Join us at the Debs Museum for two events connecting Debs to another Hoosier iconoclast, Kurt Vonnegut. Both events are free and open to the public. Questions? Contact the Debs Museum by calling (812) 232-2163.
Unity Study Circle: Kurt Vonnegut
Wednesday, July 17th at 6:30 pm
All are invited to a special meeting of the Unity Study Circle. While we typically work with Debs’ writings and speeches, this month we’ll shift our focus to another outspoken and influential Hoosier: Kurt Vonnegut. His landmark anti-war novel Slaughterhouse-Five turns 50 this year, and Vonnegut’s critical pen and dedication to peace and justice place Vonnegut squarely in the Debsian tradition. In celebration of the author, we’ll take a deep dive into Vonnegut’s connection to Debs and labor.
Vonnegut accepted the Debs Foundation’s 1981 Eugene V. Debs Award for his advancement of social justice and world peace. His ever-relevant remarks at the 1981 Debs Awards Banquet serve as our first reading. We’ll also discuss this 2013 article from Jacobin Magazine by Matthew Gannon and Wilson Taylor. This piece describes Vonnegut’s literary contributions to the long struggle for economic justice, connecting him to Debs, Carl Sandburg, A. Phillip Randolph, Bayard Rustin, and Martin Luther King, Jr. Our final selection is Vonnegut’s Sandburg Award acceptance speech “Don’t Despair if You Never Went to College!” which can be found in the 2013 anthology If This Isn’t Nice, What Is? Advice to the Young edited by Dan Wakefield. For copyright purposes, this piece isn’t linked here — instead, study group participants will read the speech together at our meeting.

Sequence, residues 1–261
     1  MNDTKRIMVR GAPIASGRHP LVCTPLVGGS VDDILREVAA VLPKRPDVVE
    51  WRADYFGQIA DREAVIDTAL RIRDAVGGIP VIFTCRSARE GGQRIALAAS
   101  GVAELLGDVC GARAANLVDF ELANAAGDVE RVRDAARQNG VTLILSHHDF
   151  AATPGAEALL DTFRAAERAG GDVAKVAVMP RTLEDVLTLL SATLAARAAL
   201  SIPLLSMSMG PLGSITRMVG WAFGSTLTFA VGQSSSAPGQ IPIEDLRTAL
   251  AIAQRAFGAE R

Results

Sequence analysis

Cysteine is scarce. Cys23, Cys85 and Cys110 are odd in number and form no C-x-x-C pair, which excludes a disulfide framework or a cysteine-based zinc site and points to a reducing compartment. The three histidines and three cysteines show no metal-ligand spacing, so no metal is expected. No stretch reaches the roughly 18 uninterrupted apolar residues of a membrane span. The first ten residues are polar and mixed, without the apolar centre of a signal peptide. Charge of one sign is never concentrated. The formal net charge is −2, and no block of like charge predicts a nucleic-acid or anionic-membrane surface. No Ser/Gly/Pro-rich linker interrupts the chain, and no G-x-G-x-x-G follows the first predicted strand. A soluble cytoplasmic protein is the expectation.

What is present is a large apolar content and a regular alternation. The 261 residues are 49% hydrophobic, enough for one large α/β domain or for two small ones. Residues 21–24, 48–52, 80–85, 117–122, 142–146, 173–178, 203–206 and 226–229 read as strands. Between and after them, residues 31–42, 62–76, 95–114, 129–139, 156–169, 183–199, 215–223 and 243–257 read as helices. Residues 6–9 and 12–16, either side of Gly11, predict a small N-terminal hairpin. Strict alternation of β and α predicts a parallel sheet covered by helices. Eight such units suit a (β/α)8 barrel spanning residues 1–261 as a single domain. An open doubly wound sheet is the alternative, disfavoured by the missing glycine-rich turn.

Jailbird: Kurt Vonnegut and Eugene V. Debs
Guest Lecture by Chris Lafave, Curator, Kurt Vonnegut Museum and Library
Wednesday, July 24th at 6:30 pm
The Debs Museum proudly welcomes Chris Lafave for a guest lecture on Vonnegut’s novel Jailbird, highlighting the connections between Debs and Vonnegut. Lafave is Curator with the KVML. He was introduced to the work of Kurt Vonnegut while attending Ball State University at the tender age of 23.
His first book was Breakfast of Champions, followed closely by the excellent short story collection, Welcome to the Monkey House, on the night Vonnegut died. Chris continued to admire Vonnegut’s work throughout a stint playing in bluegrass bands in Chicago, Illinois, and completing his Masters in Library Science at Indiana University.
He began volunteering at the KVML in 2011 at the grand opening, became Curator in 2012, and has continued to serve the organization to this day.
Can’t get enough Vonnegut? Be sure to check out the Kurt Vonnegut Museum & Library and support their transition to a new permanent home on Indiana Avenue in Indianapolis. As part of Banned Books Week at KVML, Debs Foundation board members and Debs Museum staff will present an evening of programming on Debs, censorship, and free speech on September 25th. More information coming soon!